When Neil Simon spoke in early March at an Investment Adviser Association conference about restoring a tax break for financial advice, it was at the top of a wish list that he acknowledged might not be fulfilled until next year or later.
But the legislative flurry caused by the COVID-19 pandemic has the IAA and other trade associations representing financial advisers hoping to make tax incentives for financial advice a reality in the near future.
The IAA, the Financial Services Institute, the National Association of Personal Financial Advisors, the Financial Planning Association and the Certified Financial Planning Board of Standards Inc. are lobbying lawmakers to include a provision in the next coronavirus stimulus legislation that would revive and expand the tax deductibility of professional investment advice.
The 2017 tax reform law eliminated the tax break provided for advice fees that exceed 2% of a taxpayer’s adjusted gross income. The advice organizations are seeking to restore that incentive and expand it by eliminating the 2% AGI threshold and including the deductibility of financial planning fees.
The coronavirus outbreak “makes it all the more important that American taxpayers have access to and use the services of professional financial advisers,” said Simon, vice president of government relations at IAA. “This provision would allow greater access to professional advice effectively by lowering the cost of it. We’re making that case to Congress. We’re getting a positive response, but it’s still early.”
Congress has approved three bills to address the virus outbreak. The most recent was a $2.2 trillion package, known as the Cares Act, that was signed into law on March 28.
In an April 4 letter to colleagues, House Speaker Nancy Pelosi urged the chamber to pass “Cares 2” legislation that “must go further in assisting small businesses,” bolstering unemployment benefits, giving more direct payments to families and supporting health care infrastructure and professionals.
More of a slog for next stimulus
Senate Majority Leader Mitch McConnell, R-Ky., indicated in a recent interview that he is not as enthusiastic about proceeding quickly to another stimulus bill.
If the tax break for investment advisory services is to get traction, it likely would have to be put on the legislative agenda by one of the leadersof congressional tax-writing committees, such as the Senate Finance Committee or the House Ways and Means Committee.
Michael Zona, a spokesperson for Senate Finance Committee Chairman Charles Grassley, R-Ia., said the prospects for another stimulus bill and its contents are unclear.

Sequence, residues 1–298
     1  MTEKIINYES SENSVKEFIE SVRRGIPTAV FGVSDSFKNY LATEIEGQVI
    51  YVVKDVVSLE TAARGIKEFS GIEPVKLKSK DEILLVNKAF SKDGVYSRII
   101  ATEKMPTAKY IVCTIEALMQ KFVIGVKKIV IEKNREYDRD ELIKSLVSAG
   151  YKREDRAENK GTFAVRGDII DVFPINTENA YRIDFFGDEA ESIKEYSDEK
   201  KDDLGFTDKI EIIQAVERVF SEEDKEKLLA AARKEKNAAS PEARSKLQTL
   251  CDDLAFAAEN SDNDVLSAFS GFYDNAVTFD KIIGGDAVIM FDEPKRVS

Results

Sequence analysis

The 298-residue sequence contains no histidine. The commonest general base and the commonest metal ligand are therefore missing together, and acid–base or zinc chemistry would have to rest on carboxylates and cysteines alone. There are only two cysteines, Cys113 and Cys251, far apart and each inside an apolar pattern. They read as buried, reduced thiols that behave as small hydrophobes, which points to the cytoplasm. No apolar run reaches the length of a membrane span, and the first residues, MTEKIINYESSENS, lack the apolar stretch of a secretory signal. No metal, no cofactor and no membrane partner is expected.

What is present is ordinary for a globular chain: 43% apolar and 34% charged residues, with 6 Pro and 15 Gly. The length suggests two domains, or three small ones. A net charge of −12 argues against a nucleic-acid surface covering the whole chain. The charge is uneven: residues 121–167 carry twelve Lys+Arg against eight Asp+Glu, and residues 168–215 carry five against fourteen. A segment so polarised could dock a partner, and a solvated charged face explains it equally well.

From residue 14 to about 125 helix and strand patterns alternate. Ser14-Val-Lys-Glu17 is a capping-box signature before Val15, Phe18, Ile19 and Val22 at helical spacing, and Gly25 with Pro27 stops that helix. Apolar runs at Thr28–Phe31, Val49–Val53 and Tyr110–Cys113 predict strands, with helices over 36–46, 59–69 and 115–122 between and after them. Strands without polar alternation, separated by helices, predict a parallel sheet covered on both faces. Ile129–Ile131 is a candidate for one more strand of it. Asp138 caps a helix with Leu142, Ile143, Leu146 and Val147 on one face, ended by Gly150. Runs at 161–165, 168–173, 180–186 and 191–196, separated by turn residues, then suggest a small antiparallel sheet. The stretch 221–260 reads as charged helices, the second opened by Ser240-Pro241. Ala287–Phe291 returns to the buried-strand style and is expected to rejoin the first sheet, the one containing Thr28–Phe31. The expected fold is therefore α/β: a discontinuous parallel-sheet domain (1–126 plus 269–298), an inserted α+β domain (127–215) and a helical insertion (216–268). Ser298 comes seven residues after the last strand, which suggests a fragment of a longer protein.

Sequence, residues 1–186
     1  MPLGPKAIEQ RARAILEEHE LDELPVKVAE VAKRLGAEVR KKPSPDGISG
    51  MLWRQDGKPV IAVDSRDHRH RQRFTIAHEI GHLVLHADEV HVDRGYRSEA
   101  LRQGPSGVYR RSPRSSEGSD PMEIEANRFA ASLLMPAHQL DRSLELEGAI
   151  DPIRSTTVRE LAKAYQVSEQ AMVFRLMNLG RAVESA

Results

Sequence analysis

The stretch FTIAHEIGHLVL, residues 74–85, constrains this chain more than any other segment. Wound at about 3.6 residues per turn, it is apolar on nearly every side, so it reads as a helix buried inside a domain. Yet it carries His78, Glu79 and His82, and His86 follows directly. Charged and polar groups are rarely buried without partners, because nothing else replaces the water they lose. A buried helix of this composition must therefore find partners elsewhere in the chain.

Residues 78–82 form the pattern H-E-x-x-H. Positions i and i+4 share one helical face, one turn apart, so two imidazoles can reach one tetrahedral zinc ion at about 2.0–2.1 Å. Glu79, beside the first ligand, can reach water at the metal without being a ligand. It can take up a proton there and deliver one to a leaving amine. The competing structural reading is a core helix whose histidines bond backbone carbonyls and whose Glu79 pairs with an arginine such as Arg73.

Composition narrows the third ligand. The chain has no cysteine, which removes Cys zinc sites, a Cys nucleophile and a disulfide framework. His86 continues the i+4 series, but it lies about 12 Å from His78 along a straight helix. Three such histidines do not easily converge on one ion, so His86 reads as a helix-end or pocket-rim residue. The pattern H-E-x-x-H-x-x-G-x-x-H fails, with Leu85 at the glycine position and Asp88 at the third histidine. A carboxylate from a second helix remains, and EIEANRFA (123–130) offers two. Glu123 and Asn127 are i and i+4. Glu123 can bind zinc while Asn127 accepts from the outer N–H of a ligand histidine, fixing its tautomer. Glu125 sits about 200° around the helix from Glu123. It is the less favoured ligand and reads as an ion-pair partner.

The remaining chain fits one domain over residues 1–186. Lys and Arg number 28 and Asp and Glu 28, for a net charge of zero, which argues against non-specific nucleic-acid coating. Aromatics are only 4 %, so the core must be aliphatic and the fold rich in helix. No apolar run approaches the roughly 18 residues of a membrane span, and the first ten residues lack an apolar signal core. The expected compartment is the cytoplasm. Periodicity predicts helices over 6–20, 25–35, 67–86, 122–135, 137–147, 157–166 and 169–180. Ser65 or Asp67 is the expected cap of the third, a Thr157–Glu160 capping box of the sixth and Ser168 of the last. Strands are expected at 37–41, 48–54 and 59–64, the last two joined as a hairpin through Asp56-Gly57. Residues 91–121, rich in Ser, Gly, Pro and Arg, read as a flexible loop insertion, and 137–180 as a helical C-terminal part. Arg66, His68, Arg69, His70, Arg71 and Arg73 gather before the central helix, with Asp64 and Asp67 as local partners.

“Sen. Grassley will work with his colleagues on Phase 4 legislation if it becomes necessary,” Zona wrote in an email. “It’s too early to say what the legislation might encompass. It would need to address any ongoing problems in an effective manner.”
The Cares Act was approved within a week of McConnell’s introducing it. Its successor, if there is one, likely will face more of a legislative slog.
“There’s going to be a fair amount of deliberation and negotiation,” Simon said. “It’s unlikely this bill is going to be enacted anywhere near as rapidly. But it will provide us an opportunity to make our best case for an advice-fee deduction.”
Expanding tax break to financial planning
Kevin Keller, CFP Board chief executive, said financial advice is central to addressing the economic havoc wrecked by the pandemic because investors are worried both about short-term losses and the financial health of their long-term retirement savings.
He also said it’s important to expand the tax break to those who would use it for financial planning.
“Many people who need planning and financial advice help may not have a portfolio that is subject to advisory fees,” Keller said.
The coalition pushing the tax incentive has been split in the past on issues such as the Securities and Exchange Commission’s Regulation Best Interest to raise the broker advice standard.
“When you look at the organizations that have come together on this, it’s a little bit of strange bedfellows,” Keller said. “We’ve been on opposite sides. But on issues where we’ve seen a common good, we’ve come together.”